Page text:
We Don’t Need Roads: The Making of the Back to the Future Trilogy

bttfThe Short Version: One of the greatest trilogies of all time, Caseen Gaines takes a look behind the scenes of the Back to the Future films – unexpected recasting, thematic issues, splitting films in two… and one hell of a car.

The Review: Just a few weeks ago, we reached the future we were promised in Back to the Future Part II. It might not have quite looked like Bob Zemeckis & Bob Gale told us… but with Lyft-driven DeLoreans driving the streets of New York and LA, computers in our pockets, and rampant sequels (if not Jaws 19), it sure does feel like the future. And so what better time to look back, eh Marty?

It probably won’t surprise you to know that I adore the Back to the Future trilogy. I don’t remember the first time I saw it (although I think I watched all three in pretty short succession – not quite a marathon but within a few weeks at least); it sort of feels like it has always been there in my cultural vernacular. Marty McFly might be part of the reason I play guitar, why I love time travel stories, why I like Huey Lewis and the News… these movies matter to me. So, naturally, the idea of learning more about how they were made seemed like an awesome gift – a way to celebrate October 21st, 2015 and also revisit one of those childhood totems that I’ve not visited in quite a while.

Gaines’ book had been excerpted at Vulture over the summer, detailing the awkwardness that developed around the original Marty McFly (Eric Stoltz) and his relatively unceremonious departure from the project. I read that and thought “whoa, heavy” because I genuinely had no idea – I mean, how could this movie exist without Michael J. Fox? My appetite was whetted by the excerpt and I dove into the book with the hopes that it would all be so fascinating.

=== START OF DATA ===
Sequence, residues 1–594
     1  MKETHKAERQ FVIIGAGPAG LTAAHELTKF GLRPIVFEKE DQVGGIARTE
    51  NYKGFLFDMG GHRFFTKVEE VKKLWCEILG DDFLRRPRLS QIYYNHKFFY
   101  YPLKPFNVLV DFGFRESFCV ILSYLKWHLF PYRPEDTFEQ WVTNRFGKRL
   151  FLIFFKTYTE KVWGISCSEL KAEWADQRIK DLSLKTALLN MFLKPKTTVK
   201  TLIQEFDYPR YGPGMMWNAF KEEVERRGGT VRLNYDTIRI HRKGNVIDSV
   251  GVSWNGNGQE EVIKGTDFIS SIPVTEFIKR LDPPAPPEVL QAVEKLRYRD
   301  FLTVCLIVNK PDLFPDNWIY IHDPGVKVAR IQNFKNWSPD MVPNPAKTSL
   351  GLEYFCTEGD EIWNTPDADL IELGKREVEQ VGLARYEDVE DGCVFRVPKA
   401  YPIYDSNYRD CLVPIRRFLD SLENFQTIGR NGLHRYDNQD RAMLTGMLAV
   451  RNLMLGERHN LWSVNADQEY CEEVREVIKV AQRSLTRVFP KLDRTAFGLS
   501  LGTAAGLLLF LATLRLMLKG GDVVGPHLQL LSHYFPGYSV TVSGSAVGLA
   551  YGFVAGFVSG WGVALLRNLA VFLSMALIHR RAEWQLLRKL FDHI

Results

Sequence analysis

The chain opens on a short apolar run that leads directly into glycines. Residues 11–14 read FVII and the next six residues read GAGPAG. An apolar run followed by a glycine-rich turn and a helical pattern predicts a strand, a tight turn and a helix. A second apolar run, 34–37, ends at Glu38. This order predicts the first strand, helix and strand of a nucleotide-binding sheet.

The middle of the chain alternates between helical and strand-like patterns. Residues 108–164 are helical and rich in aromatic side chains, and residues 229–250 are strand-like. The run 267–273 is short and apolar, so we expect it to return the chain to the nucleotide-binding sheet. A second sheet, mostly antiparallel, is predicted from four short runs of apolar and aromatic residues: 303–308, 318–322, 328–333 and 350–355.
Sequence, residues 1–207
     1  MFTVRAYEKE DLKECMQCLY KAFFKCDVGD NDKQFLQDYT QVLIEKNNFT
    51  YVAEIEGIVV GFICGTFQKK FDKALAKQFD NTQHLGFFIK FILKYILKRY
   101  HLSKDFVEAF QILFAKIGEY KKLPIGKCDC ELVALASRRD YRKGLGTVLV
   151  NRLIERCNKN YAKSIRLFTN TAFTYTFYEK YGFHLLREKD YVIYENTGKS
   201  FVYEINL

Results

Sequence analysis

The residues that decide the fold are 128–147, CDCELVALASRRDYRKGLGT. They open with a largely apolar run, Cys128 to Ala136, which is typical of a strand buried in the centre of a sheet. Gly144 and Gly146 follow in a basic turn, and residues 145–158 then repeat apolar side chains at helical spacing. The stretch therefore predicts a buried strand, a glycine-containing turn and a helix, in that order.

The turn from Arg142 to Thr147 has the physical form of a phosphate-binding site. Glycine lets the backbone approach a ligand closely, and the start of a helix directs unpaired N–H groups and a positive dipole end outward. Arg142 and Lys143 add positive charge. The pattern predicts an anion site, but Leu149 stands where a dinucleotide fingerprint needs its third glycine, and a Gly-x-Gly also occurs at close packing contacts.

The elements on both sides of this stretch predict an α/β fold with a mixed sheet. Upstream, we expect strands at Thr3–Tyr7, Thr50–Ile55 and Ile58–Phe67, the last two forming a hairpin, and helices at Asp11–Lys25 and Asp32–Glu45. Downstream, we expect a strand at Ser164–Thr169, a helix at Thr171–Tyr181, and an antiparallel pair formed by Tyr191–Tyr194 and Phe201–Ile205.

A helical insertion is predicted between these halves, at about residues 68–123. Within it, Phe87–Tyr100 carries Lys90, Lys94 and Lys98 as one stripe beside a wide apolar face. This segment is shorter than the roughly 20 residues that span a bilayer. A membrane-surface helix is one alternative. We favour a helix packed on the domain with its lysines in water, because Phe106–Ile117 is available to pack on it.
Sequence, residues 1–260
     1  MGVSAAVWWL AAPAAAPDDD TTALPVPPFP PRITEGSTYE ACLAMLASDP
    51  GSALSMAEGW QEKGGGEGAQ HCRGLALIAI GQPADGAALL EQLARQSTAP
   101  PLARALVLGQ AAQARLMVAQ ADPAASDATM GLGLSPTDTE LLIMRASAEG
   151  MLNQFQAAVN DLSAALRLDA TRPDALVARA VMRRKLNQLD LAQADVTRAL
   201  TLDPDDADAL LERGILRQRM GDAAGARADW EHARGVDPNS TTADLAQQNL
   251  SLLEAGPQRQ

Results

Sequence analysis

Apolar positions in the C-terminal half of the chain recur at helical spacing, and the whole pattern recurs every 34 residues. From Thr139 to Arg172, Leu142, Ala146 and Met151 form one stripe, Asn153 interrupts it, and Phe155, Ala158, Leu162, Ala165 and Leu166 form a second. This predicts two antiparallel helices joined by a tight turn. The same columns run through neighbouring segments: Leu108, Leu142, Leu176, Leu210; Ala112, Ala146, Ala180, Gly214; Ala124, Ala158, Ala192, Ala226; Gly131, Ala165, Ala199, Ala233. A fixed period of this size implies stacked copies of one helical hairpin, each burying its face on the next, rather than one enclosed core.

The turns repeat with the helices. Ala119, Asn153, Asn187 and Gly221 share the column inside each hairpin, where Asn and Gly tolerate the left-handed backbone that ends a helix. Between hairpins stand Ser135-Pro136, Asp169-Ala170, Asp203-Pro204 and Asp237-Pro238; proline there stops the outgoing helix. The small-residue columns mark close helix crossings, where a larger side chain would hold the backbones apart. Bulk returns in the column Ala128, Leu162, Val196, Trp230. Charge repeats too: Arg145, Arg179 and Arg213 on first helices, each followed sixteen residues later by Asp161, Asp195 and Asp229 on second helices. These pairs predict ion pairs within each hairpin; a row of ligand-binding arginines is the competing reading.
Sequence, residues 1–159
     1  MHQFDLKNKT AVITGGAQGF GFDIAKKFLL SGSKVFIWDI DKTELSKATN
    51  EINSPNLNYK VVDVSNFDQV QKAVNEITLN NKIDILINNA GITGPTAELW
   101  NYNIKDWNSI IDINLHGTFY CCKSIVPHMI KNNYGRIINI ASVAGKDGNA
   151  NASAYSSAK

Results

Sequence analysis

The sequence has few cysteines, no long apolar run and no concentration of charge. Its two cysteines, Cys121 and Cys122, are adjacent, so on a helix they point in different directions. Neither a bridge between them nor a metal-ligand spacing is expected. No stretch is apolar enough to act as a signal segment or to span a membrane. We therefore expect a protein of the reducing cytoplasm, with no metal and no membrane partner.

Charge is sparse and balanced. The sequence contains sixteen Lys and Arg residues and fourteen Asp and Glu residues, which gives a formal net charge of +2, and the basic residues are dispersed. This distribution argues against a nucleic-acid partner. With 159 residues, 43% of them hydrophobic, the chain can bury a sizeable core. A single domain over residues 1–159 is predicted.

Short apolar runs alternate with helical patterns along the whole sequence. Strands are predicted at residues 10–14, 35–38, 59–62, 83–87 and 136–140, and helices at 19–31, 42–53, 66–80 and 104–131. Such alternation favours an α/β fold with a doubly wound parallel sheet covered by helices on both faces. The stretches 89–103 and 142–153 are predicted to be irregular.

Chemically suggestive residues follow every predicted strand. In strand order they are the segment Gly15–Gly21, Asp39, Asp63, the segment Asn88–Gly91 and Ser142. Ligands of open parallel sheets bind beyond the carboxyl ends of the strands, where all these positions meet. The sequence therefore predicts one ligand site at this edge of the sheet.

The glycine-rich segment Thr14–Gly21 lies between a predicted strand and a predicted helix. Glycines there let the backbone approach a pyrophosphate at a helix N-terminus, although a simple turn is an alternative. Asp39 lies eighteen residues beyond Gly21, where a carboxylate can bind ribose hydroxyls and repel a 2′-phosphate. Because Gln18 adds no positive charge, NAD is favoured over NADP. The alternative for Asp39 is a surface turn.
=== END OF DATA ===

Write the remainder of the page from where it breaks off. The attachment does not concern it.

And for the first few sections, it is. The Bobs (Gale and Zemeckis) had a pretty tortured path to getting the first film made and the several near-misses where we nearly didn’t getBack to the Future were fascinating. So, too, was the first movie’s tortured shooting process – everything from the Marty swap to the finicky DeLoreans, it was delightful stuff.

And then Gaines (and, perhaps, his sources) just… stop diving so deep. The chapter about replacing the mercurial Crispin Glover seemed oddly couched, as though it didn’t want to offend anyone, and the individual behind-the-scenes stories seemed far less concrete for Part II and Part III. The book becomes superficial – which is not a bad thing, necessarily, but definitely a disappointment compared to what came before. The promise of a deep dive into the creation of these movies is replaced with something more light-hearted and ultimately celebratory. As such, it becomes less of a crucial text and more of an expanded Wikipedia article. Many of these stories can be found with a relatively easy Google search and I came away knowing very little more about the latter films than I did when I picked up the book.

Rating: 2.5 out of 5. The early going, describing the struggles of getting the first film made, makes for excellent reading and the possibility of an alternate timeline without Back to the Future suddenly seems very close, as though we just narrowly avoided heading down that path. But the stories seem to dry up headed into Parts II & III and there’s a noticeable lack of input from Michael J. Fox (although Gaines does have a chance to talk with nearly every other major player, both actors and creatives) throughout the whole thing that keeps this from being anything more than a trifle. If you read the excerpt about replacing Eric Stoltz, there’s not much more in the book that’ll thrill you like that did – but, also, the book may do for you what it did for me: send me racing home to turn on the movies and watch them again, remembering a time when blockbusters were original and when movies had a little more joy in them. I wish we could go back, Marty – back to that future.

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